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appear in turn, it curiously happened that all falling to his name were successful, the others being failures, or at least greeted with very faint praise.
And here it may be fit to give a list of some of Dumas' plagiarisms, and assumptions of the product of his neighbours' intellects.
“ His book, Jacques Ortis, is a mere simple translation of the Ultime Littere di Jacopo Ortis of Ugo Foscolo, a verb or an adjective being occasionally changed. Les Aventures de John Davy are borrowed from the Revue Britannique. Gaule et France is copied from Les Études Historiques of Chateaubriand, and from Thierry, without the trouble, in most cases, of inverting prepositions or changing words. Le Capitaine Aréna is the re-production of a delicious novelette of the Revue Britannique, called Térence le Tailleur. Albine is a servile translation of a German romance.
“Les Mémoires d'un Médecin is a re-casting of a romance of the same name in the Revue Britannique. Fiorentino the Neapolilan enriches his patron with the manuscript of Le Corricolo and that of Le Speronare. Paul Meurice brings Ascanio, Amaury, and Les Deux Diane. Mallefille wrote Georges from beginning to end, and signed it Dumas.
“ Auguste Maquet, the most prolific of these literary artisans, furnished, as his own contingent, fifty volumes; Le Chevalier d'Harmental, Les Trois Mousquetaires, Vingt Ans après, Le Vicomte de Bragelonne, Sylvandire, Le Comte ds Monte Cristo, La Guerre des Femmes, La Reine Margot, Une Fille du Regent, Le Bâtard de Mauléon, Le Chevalier de Maison-Rouge, and La Dame de Montsoreau."
The writer of these last named books seems to belong to the class born with saddles on their backs for the convenience of other writers who are tired out treading the thorny paths of literature. We believe that he has turned restive, and pitched his patron over his head; but it is insinuated by a clever cotemporary, that the author of Peg Woffington, wearied with the fatigues of the rough road on which his Course of True Love has not run smooth, has taken our unlucky pack horse unawares; bestrode him in his explorations through the Demesne of the Chateau Grantier; and condescending to utter White Lies, has passed himself off to the unsophisticated readers of the London Journal, as the rightful proprietor of that Chateau d'Espagne, changing its title of course.
Having a high opinion of the powers of Maquet, we were curious to examine this original drama of his ; and by the kind promptness of Mr. Nutt, we were enabled, at an interval of three or four days, to get the pamphlet
from Paris ; and, on looking over it, came to the conclusion, that if the author was ever obliged to commit his catechisin to memory, he had retained very little of it in head or heart, when he was constructing his Chateau de Grantier.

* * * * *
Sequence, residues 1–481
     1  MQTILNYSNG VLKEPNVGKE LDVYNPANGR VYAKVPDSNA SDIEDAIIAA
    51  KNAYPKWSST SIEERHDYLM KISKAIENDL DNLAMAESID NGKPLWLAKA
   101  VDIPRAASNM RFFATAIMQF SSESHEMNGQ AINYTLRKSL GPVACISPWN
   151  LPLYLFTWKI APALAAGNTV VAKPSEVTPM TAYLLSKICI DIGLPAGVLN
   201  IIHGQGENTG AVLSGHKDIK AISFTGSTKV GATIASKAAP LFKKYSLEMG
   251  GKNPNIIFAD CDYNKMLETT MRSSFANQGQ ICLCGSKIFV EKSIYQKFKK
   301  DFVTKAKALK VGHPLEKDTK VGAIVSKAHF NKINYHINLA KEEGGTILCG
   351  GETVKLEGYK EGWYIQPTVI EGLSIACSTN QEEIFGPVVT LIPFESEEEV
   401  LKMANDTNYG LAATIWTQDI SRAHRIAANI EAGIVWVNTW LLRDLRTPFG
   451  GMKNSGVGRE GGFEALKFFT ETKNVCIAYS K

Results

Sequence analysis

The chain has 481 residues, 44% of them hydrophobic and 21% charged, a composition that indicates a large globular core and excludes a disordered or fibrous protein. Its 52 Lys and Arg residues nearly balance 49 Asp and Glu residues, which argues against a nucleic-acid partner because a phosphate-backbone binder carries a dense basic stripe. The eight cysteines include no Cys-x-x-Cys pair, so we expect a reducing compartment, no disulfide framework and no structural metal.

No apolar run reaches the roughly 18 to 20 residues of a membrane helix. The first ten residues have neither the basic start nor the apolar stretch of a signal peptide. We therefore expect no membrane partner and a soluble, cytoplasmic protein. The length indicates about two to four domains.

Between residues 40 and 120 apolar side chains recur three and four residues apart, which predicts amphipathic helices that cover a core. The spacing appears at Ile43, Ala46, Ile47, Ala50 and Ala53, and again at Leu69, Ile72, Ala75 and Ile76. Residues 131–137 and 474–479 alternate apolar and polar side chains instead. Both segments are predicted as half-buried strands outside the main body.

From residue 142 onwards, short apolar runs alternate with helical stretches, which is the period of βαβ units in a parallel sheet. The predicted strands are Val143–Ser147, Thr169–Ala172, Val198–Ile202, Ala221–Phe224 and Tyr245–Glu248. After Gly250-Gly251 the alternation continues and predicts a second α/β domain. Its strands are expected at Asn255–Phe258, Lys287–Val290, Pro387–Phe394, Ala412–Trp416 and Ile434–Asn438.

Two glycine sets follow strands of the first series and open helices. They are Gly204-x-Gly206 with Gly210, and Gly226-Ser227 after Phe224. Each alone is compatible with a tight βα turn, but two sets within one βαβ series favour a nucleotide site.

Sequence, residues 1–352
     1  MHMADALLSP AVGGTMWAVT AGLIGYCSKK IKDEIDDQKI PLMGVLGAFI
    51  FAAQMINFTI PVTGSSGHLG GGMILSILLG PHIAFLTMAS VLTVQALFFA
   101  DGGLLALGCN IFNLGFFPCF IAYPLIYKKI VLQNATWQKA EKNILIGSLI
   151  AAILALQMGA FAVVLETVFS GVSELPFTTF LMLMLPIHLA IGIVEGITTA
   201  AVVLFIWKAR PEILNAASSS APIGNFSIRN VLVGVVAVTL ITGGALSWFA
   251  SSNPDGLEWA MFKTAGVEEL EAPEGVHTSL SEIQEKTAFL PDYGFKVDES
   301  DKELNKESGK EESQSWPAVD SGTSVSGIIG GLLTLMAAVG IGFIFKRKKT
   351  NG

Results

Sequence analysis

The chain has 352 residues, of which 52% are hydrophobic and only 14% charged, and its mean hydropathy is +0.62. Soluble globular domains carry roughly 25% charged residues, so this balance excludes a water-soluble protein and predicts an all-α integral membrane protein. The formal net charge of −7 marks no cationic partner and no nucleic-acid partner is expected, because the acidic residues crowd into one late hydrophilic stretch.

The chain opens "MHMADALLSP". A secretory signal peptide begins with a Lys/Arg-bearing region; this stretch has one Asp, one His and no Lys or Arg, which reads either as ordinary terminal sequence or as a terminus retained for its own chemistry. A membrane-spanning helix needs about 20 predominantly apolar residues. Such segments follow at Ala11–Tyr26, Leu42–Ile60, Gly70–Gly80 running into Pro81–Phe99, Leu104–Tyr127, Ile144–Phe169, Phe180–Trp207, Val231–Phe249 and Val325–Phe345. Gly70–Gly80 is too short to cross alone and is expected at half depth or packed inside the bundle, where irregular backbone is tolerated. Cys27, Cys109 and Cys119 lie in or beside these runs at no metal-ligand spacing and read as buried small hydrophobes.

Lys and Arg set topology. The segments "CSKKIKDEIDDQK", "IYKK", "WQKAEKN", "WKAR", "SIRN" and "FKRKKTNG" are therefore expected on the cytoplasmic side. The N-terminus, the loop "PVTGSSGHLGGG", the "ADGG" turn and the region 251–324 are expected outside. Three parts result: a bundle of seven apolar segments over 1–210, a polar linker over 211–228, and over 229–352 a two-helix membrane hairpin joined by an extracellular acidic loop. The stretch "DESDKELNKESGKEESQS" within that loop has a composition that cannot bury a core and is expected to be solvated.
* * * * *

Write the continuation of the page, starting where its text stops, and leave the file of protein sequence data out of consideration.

A lady, the widow of a royalist captain, is on the point of being turned adrift on the world with her two portionless daughters. The undeclared lover of the younger has been regularly laying a purse in the ladies' path at monthly intervals for some time, without their appropriation of the contents; and the declared lover of the elder is dead in the Peninsula, or worse, gone over to the enemy. One of Buonaparte's brave generals is the purchaser of the family chateau and demesne. He is on the point of starting for Egypt, and takes the chateau on his way to the coast. Under an impulse of generosity and love at first sight, he proposes for the elder sister. She, judging that her true love is either dead or false, and wishing to preserve an asylum for mother and sister, consents; and her husband leaves her to return from the church without him ; for he must be at Marseilles in time for the embarkation of his squadron. Any experienced play-goer reading thus far, knows by instinct, that the dead and traitorons lover will be found as true and loyal as Leander, stretched out at the garden gate, exhausted to death, but doomed to worse than death by the sight of his true-hearted mistress, a bride of half an hour. If the play is destitute of poetry, common morality, or genuine sentiment, it possesses at all events, a terrific situation at the end of each act. The descent of the green baize puts an end to the harrowing scene.
We are admitted to the drawing room of the chateau in about fifteen or eighteen months. The bride and no wife, is reclining in a languid state on the sofa ; and we find that after the best cares had been bestowed on the unfortunate lover, he quitted for the campaign on the Rhine; and is now hotly employed at the siege of some town. The false wife has been absent at some watering place for health's sake; and we find her in woe, not for the absence of her generous-hearted husband, exposed in Egypt to the rays of the hot sun, and the scymitars of the Mamelukes. but for the separation from her infant, kept at a convenient distance from the chateau.
All this time the lover is an honorable, and high-minded, and sensitive man; but what avails honor, honesty, or religion, when pleading in a cause in which counsellor Cupid holds an opposing fee. Therefore, the seducer is guiltless; and who can blame the too sensitive lady when he is informed that Lothario swore he would neither take powder nor pill, but die off from spite, if she continued insensible to his misery! Some feeling, made up of 98 per cent. of guilty sorrow for lover and child, and the rest of remorse, has induced her to secrete enough of laudanum for a composing dose for her earthly woes. She writes to her guilty partner that their love was too pure and ethereal (a pretty proof they have given) to hope for toleration here below. She was going to ascend, and when he could make it convenient to join her spirit there—but here we beg to stop short of absolute blasphemy. The deed is deferred; her innocent and sympathising sister has brought, by private passages, and in a cradle of the neatest pattern, her child to pay her a visit. Ods raptures, and extacies ! The ladies retire behind a screen with the cradle, and the sister is singing an innocent lullaby, when the general, who ought to have been at the moment measuring the right eye of the Sphinx reposing in her far off sandy bed, walks in, accompanied by the affianced of the young Miss. The screen opens--the cradle and its guilty guardian is visible ; and here would be the end of a two-act tragedy-but, as three acts yet remain to be achieved, the unmarried rushes on in despair, avows herself the culprit, and situation No. 2 harrows the hearts of the audience.